François van Campenhout (5 February 1779 ? 24 April 1848) was a Belgian opera singer, conductor and composer. He composed the music for the Belgian national anthem, the Brabançonne.
Campenhout was born in Brussels, where he studied violin. He worked initially as an office clerk, but soon pursued a career as a musician. After he had been a violist at the Théâtre de la Monnaie (or Muntschouwburg) in Brussels for a while, he started a career as a tenor at the Opera in Ghent. This was the beginning of a successful opera career, which brought him to Brussels, Antwerp, Paris, Amsterdam, The Hague, Lyon and Bordeaux. In 1828, he ended his career as a singer and became conductor in Brussels, where he died in 1848. He is buried at Brussels Cemetery in Evere, Brussels.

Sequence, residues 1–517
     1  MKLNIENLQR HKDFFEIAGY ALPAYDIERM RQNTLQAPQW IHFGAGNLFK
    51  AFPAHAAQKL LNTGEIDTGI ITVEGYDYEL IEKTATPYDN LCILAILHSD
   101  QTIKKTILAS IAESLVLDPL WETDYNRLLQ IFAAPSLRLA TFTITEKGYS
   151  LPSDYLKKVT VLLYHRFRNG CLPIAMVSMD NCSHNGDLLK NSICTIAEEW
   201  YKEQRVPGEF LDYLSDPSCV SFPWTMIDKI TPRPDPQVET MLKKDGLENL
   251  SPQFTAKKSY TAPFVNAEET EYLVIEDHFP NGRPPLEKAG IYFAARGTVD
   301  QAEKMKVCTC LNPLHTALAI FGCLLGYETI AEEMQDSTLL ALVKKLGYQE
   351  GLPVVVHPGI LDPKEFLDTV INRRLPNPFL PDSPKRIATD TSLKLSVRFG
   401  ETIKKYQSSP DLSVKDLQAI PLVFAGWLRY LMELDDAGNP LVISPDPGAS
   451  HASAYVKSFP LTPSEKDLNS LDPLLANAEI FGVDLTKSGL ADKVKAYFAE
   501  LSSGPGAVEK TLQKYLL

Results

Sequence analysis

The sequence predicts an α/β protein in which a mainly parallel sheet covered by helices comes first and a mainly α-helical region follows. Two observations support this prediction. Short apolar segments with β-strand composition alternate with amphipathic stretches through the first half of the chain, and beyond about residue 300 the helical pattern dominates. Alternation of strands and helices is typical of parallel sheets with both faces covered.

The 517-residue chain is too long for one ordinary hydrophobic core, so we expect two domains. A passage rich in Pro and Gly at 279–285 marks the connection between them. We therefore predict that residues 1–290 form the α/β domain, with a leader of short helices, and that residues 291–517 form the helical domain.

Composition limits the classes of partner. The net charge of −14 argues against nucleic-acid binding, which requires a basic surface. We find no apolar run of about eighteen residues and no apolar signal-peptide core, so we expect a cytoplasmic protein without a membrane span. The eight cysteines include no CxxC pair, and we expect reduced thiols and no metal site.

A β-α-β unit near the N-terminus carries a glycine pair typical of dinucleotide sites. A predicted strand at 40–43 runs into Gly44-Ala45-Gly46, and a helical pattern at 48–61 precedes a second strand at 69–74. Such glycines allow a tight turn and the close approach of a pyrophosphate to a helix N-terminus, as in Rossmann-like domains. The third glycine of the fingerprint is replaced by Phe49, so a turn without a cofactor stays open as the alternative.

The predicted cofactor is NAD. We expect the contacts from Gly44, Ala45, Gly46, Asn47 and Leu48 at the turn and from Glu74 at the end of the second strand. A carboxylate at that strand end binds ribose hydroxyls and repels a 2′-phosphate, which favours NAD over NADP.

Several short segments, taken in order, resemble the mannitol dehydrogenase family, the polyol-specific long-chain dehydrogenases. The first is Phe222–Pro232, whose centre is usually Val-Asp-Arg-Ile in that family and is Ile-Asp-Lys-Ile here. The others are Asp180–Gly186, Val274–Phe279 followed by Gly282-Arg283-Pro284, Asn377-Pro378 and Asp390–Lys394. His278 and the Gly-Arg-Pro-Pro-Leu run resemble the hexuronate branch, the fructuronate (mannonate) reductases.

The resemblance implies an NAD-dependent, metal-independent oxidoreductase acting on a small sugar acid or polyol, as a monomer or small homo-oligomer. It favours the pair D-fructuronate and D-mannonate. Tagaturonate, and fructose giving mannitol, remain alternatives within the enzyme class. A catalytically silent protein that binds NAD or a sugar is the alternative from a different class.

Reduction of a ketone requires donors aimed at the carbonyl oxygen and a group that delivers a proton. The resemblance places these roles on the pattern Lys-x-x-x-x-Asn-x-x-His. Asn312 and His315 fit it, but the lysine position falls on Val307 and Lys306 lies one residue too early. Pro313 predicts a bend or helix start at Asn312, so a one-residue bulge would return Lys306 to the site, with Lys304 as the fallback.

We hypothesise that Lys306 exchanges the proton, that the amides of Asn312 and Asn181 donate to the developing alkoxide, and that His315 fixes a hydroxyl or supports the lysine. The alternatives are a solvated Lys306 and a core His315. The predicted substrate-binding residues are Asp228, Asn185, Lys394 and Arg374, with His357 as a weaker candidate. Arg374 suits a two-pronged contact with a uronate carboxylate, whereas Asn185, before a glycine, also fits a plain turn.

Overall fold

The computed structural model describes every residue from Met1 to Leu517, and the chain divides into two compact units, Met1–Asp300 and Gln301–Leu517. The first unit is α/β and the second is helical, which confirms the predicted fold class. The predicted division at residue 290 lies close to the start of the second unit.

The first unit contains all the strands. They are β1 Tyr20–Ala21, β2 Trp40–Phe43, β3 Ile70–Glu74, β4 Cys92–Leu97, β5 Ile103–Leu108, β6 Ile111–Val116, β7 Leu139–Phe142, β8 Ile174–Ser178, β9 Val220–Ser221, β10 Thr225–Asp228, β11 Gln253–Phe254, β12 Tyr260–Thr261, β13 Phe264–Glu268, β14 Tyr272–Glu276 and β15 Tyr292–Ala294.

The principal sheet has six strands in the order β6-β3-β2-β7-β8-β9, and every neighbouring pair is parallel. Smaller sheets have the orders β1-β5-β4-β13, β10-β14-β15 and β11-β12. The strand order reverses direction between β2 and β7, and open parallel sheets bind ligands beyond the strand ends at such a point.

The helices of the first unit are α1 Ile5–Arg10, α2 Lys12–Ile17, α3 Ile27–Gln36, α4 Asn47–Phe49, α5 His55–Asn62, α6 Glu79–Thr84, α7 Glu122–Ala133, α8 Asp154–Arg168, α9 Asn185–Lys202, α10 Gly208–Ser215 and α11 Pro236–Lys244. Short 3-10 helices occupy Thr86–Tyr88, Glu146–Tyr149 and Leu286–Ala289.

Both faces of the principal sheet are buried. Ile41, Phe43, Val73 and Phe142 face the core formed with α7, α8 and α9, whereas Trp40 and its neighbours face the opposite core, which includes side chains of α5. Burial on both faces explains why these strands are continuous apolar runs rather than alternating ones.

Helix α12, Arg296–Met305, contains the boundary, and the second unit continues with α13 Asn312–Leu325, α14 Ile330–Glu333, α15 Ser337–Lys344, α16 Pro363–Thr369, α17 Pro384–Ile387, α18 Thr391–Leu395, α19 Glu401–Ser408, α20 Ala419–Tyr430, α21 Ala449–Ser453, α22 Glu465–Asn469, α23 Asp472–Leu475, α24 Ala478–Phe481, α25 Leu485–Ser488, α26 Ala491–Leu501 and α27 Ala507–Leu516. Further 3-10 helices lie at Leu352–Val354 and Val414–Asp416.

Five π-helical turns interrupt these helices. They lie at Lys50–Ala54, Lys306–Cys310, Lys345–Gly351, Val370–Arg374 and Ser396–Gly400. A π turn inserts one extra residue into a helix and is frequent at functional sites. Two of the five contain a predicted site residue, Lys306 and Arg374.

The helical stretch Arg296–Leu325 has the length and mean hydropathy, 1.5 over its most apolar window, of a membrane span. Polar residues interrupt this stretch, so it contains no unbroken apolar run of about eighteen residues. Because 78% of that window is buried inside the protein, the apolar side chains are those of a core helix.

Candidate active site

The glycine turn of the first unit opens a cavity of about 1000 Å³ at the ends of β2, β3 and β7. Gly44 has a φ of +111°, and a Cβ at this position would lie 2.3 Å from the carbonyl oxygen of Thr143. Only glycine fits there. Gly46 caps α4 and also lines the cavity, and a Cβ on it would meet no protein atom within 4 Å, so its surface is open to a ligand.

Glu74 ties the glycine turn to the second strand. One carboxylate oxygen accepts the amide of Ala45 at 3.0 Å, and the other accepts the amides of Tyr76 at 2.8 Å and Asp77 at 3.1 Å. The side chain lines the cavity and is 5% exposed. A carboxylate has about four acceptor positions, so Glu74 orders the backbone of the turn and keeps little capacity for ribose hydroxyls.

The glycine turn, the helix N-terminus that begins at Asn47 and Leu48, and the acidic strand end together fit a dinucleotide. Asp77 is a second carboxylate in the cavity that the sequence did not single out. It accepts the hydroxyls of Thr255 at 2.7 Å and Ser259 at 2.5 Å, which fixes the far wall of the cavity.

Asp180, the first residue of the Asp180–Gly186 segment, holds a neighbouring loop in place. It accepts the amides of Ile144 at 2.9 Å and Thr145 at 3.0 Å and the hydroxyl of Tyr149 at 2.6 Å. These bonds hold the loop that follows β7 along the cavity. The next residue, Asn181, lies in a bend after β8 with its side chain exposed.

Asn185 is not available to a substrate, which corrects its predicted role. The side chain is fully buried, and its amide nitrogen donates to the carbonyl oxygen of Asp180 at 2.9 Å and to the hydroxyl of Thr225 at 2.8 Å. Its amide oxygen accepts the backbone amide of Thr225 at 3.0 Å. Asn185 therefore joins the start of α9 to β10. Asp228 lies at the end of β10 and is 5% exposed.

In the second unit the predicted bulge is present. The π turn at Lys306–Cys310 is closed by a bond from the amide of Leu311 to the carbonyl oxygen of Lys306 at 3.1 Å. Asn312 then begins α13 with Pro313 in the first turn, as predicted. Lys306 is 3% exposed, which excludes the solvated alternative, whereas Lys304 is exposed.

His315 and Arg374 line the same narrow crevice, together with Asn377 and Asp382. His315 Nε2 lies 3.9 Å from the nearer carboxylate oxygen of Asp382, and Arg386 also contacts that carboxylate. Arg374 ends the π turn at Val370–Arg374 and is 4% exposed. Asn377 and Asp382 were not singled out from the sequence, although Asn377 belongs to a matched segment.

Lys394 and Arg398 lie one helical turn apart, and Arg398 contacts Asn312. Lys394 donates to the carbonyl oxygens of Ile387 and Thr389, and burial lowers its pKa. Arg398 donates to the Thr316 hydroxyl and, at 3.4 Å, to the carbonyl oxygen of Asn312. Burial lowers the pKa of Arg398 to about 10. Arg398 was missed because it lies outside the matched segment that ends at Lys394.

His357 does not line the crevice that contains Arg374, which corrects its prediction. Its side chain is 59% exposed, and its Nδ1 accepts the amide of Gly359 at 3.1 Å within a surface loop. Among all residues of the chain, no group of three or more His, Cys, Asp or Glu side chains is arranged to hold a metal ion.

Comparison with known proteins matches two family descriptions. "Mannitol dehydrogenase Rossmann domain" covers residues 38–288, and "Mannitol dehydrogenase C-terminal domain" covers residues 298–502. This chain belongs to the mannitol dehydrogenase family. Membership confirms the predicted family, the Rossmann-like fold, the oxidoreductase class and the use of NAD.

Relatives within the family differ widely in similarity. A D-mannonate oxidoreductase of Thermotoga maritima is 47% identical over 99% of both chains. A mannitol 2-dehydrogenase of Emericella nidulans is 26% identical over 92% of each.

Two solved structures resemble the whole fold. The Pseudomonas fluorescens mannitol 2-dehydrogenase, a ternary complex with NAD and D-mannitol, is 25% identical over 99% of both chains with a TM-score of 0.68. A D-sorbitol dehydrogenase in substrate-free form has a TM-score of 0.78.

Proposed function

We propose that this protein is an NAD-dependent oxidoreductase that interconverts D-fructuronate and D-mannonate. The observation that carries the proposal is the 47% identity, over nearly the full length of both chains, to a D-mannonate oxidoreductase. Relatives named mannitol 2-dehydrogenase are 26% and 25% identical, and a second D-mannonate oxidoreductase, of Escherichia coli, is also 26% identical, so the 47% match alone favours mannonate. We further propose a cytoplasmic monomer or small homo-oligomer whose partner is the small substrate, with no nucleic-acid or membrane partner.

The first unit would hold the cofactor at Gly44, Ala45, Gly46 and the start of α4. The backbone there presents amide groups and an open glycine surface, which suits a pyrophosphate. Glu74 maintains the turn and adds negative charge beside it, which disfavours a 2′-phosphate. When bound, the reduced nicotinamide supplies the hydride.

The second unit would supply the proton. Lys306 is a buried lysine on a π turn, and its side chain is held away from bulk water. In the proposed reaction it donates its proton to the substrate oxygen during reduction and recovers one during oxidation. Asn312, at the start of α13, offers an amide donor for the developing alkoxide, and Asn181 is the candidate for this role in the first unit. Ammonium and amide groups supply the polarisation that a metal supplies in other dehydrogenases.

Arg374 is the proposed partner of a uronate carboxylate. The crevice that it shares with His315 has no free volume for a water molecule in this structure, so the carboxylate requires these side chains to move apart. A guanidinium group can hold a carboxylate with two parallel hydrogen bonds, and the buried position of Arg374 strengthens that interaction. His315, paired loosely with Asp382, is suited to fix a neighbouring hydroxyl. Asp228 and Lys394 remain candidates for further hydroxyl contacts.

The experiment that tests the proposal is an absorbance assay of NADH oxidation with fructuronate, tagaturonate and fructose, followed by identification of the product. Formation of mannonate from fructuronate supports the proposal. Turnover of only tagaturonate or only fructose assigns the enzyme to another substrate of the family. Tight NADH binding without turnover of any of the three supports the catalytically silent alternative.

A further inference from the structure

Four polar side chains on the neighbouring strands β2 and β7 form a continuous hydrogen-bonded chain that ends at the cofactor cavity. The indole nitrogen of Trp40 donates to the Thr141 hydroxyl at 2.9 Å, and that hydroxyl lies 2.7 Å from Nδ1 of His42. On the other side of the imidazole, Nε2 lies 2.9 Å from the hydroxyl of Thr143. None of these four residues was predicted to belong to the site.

Campenhout wrote a large number of works: operas such as Grotius ou le Château de Lovesteyn and Passe-Partout, which were successful, and he also composed ballet music, symphonies and choir music. He wrote the music of the Brabançonne in September 1830, to a text by Alexandre Dechet (Jenneval).
Van Campenhout was a freemason and a member of the Grand Orient of Belgium.
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